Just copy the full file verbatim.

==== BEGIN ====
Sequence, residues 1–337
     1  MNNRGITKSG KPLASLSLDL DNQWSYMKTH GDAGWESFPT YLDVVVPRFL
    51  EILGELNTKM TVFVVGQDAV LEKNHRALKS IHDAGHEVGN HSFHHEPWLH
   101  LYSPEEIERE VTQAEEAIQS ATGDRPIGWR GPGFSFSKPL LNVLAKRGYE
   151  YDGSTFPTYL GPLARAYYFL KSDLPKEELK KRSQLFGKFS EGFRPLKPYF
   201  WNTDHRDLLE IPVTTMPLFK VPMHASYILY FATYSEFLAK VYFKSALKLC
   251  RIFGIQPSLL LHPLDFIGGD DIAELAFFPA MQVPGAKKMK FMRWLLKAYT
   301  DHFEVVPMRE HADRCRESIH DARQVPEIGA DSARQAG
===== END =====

Sequence, residues 1–337
     1  MNNRGITKSG KPLASLSLDL DNQWSYMKTH GDAGWESFPT YLDVVVPRFL
    51  EILGELNTKM TVFVVGQDAV LEKNHRALKS IHDAGHEVGN HSFHHEPWLH
   101  LYSPEEIERE VTQAEEAIQS ATGDRPIGWR GPGFSFSKPL LNVLAKRGYE
   151  YDGSTFPTYL GPLARAYYFL KSDLPKEELK KRSQLFGKFS EGFRPLKPYF
   201  WNTDHRDLLE IPVTTMPLFK VPMHASYILY FATYSEFLAK VYFKSALKLC
   251  RIFGIQPSLL LHPLDFIGGD DIAELAFFPA MQVPGAKKMK FMRWLLKAYT
   301  DHFEVVPMRE HADRCRESIH DARQVPEIGA DSARQAG